White girls dating black

29 Jun

He joked like friends from my hometown, but there was a newness to his voice that I didn’t know.

He told me that he had gotten out of a 10-year relationship with the girl he thought he would marry and I told him that I had spent two years alone finding myself.

I would stretch my hair every inch that I could, to make it appear longer. There were days when we fought and said things to each other like “That must have been from how you were raised.” We got assaulted on the street by men who would yell “Black and white don’t mix” and smash their shoulders into ours.

It was only when he started saying things like, “They’re all wondering why you’re with me,” while gesturing to a group of black men, that I realized he was doubting himself, too. We got stared down in every bar that we entered, and approached with unsolicited offers for company, as though our relationship could only be sexual, as though we needed more than each other to be satisfied.

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The only girl in my group of black girlfriends who had a boyfriend was dating a white boy who was white enough to have a family that hated black people. We would sit squished in a row behind them with all of our smirks perfectly even as they drove us home.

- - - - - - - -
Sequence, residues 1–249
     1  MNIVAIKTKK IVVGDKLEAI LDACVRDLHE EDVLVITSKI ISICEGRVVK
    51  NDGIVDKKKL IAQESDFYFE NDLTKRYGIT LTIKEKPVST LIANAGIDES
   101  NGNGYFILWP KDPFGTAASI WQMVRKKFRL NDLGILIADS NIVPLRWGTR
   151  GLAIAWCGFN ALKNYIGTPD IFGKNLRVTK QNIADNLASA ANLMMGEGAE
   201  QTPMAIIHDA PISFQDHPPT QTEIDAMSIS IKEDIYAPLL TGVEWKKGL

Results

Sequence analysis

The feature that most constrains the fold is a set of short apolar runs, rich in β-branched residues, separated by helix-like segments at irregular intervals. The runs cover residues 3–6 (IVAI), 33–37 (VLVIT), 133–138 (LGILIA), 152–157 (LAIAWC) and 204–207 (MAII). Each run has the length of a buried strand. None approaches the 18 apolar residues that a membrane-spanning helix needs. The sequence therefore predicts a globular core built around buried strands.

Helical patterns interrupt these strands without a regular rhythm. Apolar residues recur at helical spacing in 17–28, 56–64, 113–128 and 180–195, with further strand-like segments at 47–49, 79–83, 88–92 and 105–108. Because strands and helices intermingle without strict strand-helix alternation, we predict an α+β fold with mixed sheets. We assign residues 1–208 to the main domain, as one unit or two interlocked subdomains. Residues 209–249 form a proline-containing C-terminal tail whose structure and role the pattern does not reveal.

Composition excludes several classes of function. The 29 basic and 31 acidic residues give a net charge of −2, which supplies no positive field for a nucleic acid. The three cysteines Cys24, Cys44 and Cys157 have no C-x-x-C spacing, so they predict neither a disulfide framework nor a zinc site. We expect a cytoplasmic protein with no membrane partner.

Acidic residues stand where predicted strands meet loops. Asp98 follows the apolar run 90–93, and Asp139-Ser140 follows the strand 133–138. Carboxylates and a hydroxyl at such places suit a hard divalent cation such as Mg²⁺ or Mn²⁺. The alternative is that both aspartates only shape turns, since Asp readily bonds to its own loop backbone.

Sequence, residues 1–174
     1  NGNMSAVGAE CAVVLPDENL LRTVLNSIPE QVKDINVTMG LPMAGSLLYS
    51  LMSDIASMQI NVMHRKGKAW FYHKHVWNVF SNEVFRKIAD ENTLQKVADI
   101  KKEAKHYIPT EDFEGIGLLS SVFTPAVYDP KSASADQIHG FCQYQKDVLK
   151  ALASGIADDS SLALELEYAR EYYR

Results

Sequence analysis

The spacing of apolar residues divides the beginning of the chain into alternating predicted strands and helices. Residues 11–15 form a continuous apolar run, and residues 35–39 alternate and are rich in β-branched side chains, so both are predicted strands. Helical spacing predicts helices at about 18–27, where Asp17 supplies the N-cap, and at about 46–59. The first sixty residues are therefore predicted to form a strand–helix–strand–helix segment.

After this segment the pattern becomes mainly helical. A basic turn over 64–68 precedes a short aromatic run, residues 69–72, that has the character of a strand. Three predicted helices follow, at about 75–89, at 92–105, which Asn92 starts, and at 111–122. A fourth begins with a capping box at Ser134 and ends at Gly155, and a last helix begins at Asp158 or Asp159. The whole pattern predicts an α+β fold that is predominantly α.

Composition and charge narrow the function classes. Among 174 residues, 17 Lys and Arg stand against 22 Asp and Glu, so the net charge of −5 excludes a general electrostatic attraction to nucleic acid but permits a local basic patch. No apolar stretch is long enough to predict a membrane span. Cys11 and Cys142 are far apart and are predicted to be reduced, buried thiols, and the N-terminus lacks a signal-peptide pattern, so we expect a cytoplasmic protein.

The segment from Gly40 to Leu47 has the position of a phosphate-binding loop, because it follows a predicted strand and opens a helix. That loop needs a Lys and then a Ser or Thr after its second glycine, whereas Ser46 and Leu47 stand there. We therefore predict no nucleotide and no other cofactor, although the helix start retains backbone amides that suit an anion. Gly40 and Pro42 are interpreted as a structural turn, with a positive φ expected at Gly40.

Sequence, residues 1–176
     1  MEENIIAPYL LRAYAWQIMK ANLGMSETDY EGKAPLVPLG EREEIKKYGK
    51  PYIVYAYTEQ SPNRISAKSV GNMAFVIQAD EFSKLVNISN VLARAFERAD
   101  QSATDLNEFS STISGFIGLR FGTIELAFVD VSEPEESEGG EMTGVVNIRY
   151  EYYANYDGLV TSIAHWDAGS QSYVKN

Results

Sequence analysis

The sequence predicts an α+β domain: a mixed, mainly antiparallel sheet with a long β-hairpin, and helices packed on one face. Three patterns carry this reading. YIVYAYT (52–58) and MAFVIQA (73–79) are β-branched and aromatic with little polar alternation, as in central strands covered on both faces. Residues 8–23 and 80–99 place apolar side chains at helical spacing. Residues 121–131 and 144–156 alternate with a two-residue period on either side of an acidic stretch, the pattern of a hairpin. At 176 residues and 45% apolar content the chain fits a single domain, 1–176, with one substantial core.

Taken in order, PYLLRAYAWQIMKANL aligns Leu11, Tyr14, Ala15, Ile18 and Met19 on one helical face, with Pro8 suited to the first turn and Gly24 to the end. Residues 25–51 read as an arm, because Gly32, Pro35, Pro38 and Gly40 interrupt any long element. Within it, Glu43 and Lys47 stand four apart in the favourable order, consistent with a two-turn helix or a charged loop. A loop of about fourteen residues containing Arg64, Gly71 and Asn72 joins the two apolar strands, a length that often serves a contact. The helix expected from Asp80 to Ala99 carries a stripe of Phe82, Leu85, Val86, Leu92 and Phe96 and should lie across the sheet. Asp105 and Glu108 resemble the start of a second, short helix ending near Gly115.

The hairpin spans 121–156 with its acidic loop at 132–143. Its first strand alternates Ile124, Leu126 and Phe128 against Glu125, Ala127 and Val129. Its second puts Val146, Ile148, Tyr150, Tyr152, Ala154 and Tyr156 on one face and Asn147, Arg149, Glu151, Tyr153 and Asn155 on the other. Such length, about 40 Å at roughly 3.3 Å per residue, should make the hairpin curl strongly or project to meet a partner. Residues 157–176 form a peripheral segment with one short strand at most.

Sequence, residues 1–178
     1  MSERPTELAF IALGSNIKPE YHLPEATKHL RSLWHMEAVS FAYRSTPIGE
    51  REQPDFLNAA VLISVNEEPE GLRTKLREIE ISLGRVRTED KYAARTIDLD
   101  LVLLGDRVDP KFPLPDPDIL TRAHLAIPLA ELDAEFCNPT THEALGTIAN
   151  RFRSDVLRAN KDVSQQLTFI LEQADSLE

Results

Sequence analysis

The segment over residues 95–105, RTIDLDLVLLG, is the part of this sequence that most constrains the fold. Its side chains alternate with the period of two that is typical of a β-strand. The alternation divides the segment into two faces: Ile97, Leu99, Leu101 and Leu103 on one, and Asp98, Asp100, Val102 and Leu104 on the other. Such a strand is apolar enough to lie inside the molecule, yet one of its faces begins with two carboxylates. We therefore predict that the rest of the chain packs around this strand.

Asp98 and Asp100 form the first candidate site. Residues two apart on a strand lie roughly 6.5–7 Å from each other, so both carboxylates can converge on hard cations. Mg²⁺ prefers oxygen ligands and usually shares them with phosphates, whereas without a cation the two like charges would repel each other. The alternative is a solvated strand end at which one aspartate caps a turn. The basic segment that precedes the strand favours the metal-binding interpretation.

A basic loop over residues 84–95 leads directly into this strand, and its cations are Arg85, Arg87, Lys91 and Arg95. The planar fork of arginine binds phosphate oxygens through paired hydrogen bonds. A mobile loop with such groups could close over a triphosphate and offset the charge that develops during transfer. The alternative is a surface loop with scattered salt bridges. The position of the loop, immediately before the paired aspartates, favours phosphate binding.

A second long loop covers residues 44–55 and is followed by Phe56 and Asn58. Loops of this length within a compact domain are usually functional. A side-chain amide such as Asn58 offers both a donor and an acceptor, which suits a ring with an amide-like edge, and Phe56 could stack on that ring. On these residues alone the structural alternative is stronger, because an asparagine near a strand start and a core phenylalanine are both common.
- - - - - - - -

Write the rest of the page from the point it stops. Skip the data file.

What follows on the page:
I found myself on a first date with a guy who was born and raised in Yonkers, with a family from El Salvador.

He rode skateboards and carried around napkins in his front pocket, a habit he’d learned from his grandpa.

I remember being 6 and slapping my white uncle in the face to figure out why his face turned bloodred.

I wondered how men with such delicate bodies seemed to be the only ones who could endure the storm. We bought crop tops, tight jeans, and earrings so big that they touched our shoulders.